Joe Davis is a poet and artist living in North Minneapolis; he creates spaces for people to find healing, find their voice, and find each other. From an early age Joe identified as an artist. He recalled writing poems and comics in elementary school. He also experienced how art created a space for healing. In elementary school he got really sick and although Joe didn’t know it at the time, he now sees that he used his art as his own version of therapy. He would write poems, songs, and stories which gave him a sense of hope, healing, and empowerment. He could use his art to express things that were hard for him to talk about.
It was also during that time, around 3rd or 4th grade, that a few teachers and mentors encouraged him to share his work with others, so Joe began to share his work at open mic events. Through these events he saw the shared power that art could bring as kids he knew would say things like, “I never knew you went through that.” Art became a mutual space for sharing experience and creating and sharing it became something that he loved doing.
“I’m not writing for a living, I’m writing for my life, because it saved me and created healing space for other people,” Joe says.
When talking about creating space for others, Joe recognizes that even with our best efforts we may never create a space where everyone feels safe enough to share. In light of this, Joe talks about and wants to create “brave space,” a space where people can feel brave enough. The space is safe enough for people to be brave. He also wants his events and experiences to be participatory because, “As created beings we all have creative capacity.” Joe wants to invite others into the act of creation.
Although poetry was his first love, Joe also works in and through other mediums as well. He realized he wanted to tell bigger stories and reach more people. He has been in several bands throughout the years and his current band is called The Poetic Diaspora, which plays a style of music Joe calls Freedom Funk. “Freedom Funk is our generation’s version of the freedom songs. They are cries for justice and peace, but you can dance to it.” Joe also began writing and directing theater productions for which The Poetic Diaspora plays the soundtrack. Joe is always asking himself, “How can I more dynamically engage people to participate in the story of the gospel, healing, and transformation?”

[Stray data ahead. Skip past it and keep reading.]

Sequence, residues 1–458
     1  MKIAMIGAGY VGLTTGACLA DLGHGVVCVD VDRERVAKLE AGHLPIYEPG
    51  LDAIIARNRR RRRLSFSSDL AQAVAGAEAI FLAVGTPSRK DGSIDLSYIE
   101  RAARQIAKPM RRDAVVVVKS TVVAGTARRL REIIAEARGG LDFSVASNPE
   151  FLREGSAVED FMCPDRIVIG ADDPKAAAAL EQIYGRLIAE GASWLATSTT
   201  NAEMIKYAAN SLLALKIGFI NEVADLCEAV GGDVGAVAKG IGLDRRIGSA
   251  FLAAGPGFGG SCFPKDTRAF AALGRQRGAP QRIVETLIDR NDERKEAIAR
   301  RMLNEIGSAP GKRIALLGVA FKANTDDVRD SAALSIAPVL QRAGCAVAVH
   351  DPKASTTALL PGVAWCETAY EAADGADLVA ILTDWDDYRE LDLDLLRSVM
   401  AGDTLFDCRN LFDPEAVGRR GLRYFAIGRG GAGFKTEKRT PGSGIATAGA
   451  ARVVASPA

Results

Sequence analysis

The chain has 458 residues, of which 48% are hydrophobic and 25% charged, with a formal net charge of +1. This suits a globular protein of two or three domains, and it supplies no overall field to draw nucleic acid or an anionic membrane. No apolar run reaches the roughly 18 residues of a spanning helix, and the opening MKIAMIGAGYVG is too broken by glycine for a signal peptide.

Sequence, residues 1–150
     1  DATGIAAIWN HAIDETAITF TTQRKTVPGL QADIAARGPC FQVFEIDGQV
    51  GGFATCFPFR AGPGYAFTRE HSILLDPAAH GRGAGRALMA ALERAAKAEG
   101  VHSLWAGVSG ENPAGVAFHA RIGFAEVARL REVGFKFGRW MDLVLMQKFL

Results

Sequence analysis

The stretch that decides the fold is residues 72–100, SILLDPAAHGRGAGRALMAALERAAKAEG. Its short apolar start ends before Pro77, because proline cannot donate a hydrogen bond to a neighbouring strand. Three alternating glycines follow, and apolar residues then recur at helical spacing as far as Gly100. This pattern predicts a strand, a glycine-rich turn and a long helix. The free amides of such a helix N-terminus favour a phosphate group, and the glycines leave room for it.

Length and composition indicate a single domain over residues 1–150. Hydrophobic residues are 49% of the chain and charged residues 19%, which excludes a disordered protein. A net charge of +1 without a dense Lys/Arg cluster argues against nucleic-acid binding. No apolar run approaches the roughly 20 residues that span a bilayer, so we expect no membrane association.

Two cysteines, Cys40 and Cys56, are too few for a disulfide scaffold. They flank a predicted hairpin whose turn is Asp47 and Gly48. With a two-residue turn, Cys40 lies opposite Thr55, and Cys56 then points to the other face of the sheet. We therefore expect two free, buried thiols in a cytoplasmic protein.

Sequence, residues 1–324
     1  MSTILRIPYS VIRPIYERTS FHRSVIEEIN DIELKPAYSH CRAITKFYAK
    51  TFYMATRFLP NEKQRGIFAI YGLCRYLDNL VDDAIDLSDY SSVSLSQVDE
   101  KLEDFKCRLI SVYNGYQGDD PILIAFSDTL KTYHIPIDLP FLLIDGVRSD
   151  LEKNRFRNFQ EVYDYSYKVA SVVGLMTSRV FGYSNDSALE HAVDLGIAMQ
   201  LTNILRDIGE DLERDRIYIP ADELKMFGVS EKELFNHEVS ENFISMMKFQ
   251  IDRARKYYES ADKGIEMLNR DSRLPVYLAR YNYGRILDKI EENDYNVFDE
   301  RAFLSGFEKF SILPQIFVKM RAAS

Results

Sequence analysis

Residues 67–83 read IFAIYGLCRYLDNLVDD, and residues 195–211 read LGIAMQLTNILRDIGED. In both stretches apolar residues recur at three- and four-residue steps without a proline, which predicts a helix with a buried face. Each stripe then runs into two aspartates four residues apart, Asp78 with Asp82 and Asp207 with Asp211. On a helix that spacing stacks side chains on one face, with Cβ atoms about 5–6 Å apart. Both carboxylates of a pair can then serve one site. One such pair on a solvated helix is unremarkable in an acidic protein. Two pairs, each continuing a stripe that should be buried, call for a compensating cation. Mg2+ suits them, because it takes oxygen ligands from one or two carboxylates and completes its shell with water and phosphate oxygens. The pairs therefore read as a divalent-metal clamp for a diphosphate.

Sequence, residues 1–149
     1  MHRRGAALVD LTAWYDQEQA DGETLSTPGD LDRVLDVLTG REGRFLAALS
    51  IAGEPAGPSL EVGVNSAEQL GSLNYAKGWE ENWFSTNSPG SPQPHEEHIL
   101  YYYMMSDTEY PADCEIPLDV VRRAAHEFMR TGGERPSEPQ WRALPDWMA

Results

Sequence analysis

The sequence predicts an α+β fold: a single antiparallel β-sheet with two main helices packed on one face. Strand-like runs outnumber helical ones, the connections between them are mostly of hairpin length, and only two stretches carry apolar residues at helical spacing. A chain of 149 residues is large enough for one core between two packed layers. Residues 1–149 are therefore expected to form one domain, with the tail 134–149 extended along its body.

Although he never identified as having pastoral gifts until attending Luther Seminary, Joe now sees his work as pastoral. After Jamar Clark was killed by police in his community, Joe saw how his community was grieving and began an open mic ministry. They offered free food and allowed people to come and say what they needed to say, without being censored. People needed a space to release the pain, rage, and hurt they were experiencing. These events weren’t held in churches because there are people who wouldn’t step foot in a church. Joe said it was a deeply spiritual time and experience even if others wouldn’t be able to identify it as such.
Along with his artistry Joe is also a public speaker, which is another key part of his ministry. He is often asked to speak at schools or with companies about race, diversity, or youth empowerment. Joe is also a qualified administrator of the Intercultural Development Inventory. And although he can’t explicitly share the difference that Jesus makes in these spaces he is able to share stories that are modern day examples of the gospel in action. The South African teaching of “ubuntu” or “I am because you are” rings particularly true. “Whatever space I’m in, my mission is the same. I’m here to talk about healing and liberation. But it’s going to look different in a different context.”
At the pace of relationships
Maybe the biggest lesson Joe has learned so far in his ministry is that all his work moves at the pace of relationships. We all want to see radical and dramatic transformations happen overnight, but he has to remind himself and us that “You can’t plant a seed and eat the fruit the same day. You need to cultivate the soil.” We need to slow down, listen, and care for the bodies around us. This includes caring for our own bodies, which means being present in the moment with ourselves. Joe said that he is learning to see his emotions as teachers. “How can I sit down with them and learn from them instead of running from them?”
Joe has some advice for someone just starting out in an artistic ministry:
- Find your passion and your purpose.
- Practice, practice, practice. You won’t be great at something right away so posture yourself with humility and never stop learning.
- Find a community of mentorship and support. Joe knows that he wouldn’t be where he is today without those key people in his life that fostered his gifts and challenged him to share them with the world.
Creative and Creating God, thank you for the artists and those who never stop creating. Thank you for the spaces of mutual healing, wholeness, and empowerment that artists create. Help us all remember that we are co-creators working with the Spirit to bring your Kingdom to earth. Bless Joe, his ministry and the ministry of all artists. Amen.
If you would like to learn more or are interesting in having Joe come speak at your church/school/business you can find his website here: https://joedavispoetry.com
Read some of the posts Joe has written for The Faith+Leader:
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